15. Middletown-Norwalk Construction Requirements Set 3 Question 12 • Data Request: Identify any construction requirements (i.e., nighttime construction) required by the Connecticut Department of Transportation ("CDOT") for the Project and, for each such requirement, provide the incremental cost of the requirement. Response: • CDOT and certain municipalities require the Companies to hire inspectors to monitor the in-road work. The roads at issue are heavily travelled and provide critical alternative routes for Interstate 95. The total cost incurred by both Companies for these inspectors was approximately $5M. • The only limitation imposed by CDOT as to "time of construction" was that it would not permit construction on state roads during rush hour periods for public safety reasons. 15

  16. Middletown-Norwalk Project Design Changes Set 3 Question 13 Data Request: Using a table, identify any Project design changes and their costs that were initiated by the Connecticut Siting Council ("CSC"), CDOT or others that resulted in a cost increase above the original proposed route that was discussed with the CSC. Response: • The table in the data response package provides the list of both Project design change increases and decreases. 16

  17. Middletown-Norwalk Alternative Home Acquisitions Set 3 Question 15 Data Request: Explain why in the Docket 272 findings, it states that homes would not be taken for Alternative A where in the TCA application on page 48, it states there is an "Acquisition of two homes ... in Wilton." Set 3 Question 16 Data Request: Explain why in paragraph 195, 198 in CSC Docket 272 findings, it is stated that 29 homes would need to be taken for Alternative B whereas in the TCA application on page 43, it is stated that 31 homes would need to be taken. Response: • At the time of the Application to the Connecticut Siting Council in October 2003, it was assumed that the ROW in Wilton would be expanded as part of the Bethel-Norwalk Project. As a result of the final Bethel-Norwalk Project configuration, this ROW expansion was not necessary. Accordingly, the Middletown-Norwalk Project would have required an expansion of the ROW in Wilton for both Alternative A and B and an acquisition of the two homes in Wilton. 18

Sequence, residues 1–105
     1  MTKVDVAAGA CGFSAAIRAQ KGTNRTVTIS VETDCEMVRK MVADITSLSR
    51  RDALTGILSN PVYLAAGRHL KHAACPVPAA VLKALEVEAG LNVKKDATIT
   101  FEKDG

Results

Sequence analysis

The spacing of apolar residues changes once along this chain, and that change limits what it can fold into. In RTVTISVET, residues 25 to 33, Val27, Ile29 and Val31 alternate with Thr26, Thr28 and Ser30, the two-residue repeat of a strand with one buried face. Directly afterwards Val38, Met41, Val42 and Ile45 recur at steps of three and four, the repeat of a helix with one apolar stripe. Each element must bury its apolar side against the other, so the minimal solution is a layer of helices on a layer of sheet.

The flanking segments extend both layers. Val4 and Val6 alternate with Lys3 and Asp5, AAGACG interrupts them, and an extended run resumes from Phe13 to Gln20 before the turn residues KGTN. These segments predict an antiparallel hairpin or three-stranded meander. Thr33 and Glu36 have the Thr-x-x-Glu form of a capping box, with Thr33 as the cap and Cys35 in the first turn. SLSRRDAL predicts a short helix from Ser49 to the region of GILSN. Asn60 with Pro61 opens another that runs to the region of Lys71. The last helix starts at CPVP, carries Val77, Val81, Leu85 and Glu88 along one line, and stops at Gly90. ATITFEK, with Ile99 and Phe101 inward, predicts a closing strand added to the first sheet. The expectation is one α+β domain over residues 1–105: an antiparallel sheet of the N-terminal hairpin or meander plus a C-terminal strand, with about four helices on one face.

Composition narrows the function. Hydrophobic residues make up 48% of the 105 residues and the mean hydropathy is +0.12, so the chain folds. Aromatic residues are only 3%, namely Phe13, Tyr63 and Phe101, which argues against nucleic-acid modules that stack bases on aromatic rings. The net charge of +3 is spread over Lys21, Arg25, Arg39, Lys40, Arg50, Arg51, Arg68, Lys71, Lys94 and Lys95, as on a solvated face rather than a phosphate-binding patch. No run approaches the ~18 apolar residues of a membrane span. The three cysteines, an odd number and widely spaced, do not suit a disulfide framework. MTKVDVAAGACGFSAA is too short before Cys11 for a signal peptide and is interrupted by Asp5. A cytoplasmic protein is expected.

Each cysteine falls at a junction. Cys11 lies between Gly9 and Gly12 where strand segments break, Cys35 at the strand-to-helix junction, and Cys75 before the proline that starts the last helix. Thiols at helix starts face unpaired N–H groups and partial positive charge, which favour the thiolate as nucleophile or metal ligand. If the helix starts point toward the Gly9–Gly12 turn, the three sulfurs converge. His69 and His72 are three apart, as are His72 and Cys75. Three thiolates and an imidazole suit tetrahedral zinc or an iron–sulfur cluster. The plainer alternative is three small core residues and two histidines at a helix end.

18. Middletown-Norwalk Alternative Streams and Wetlands Set 3 Question 17 and 19 Data Request: The TCA application states for Alternative A, "Requires crossing of approximately 23 more streams . .. and 50 more regulated wetlands ... than the Project." This totals 73 wetlands and stream crossings for Alternative A. v.s. CSC Docket 272 specifies 49 wetlands and stream crossings. The TCA application states "Requires crossing of approximately 38 more streams ... And approximately 85 more regulated wetlands . . than the Project.“ v.s. CSC Docket 272 states 85 wetland and stream crossings are required for Alternative B. Explain why there is a difference. Response: • Siting Council Findings of Fact 197 and 198 for Alternative A and Alternative B respectively were incorrect because the number relates solely to wetlands and did not include any stream crossings. 19

  19. Questions?